Published: March 2021
In vitro cardiac modeling has taken great strides in the past decade. While most cell and engineered tissue models have focused on cell and tissue contractile function as readouts, mechanobiological cues from the cell environment that affect this function, such as matrix stiffness or organization, are less well explored. In this study, we review two-dimensional (2D) and three-dimensional (3D) models of cardiac function that allow for systematic manipulation or precise control of mechanobiological cues under simulated (patho)physiological conditions while acquiring multiple readouts of cell and tissue function. We summarize the cell types used in these models and highlight the importance of linking 2D and 3D models to address the multiscale organization and mechanical behavior. Finally, we provide directions on how to advance in vitro modeling for cardiac mechanobiology using next generation hydrogels that mimic mechanical and structural environmental features at different length scales and diseased cell types, along with the development of new tissue fabrication and readout techniques.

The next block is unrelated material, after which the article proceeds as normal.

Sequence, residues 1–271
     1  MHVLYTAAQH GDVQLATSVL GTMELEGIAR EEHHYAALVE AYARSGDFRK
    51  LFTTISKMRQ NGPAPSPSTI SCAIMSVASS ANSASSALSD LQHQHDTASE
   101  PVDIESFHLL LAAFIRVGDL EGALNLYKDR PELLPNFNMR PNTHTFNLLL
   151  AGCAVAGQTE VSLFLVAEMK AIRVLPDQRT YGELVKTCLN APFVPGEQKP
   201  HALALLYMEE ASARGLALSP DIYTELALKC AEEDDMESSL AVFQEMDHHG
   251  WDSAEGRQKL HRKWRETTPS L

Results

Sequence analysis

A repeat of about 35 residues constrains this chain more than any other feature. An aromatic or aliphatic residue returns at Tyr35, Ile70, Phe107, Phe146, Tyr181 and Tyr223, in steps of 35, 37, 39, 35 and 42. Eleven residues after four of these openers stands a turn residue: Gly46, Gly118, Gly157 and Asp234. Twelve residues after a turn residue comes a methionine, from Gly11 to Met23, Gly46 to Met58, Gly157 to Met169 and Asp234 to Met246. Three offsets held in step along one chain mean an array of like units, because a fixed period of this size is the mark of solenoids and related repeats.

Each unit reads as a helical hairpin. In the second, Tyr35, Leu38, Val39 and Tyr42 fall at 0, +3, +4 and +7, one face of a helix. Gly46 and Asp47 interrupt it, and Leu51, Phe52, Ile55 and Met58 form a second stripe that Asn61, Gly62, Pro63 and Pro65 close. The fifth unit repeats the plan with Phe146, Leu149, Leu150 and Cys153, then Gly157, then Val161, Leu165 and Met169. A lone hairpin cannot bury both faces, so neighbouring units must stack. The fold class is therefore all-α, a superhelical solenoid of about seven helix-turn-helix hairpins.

Full Access Link: Tissue Engineering - Part C: Methods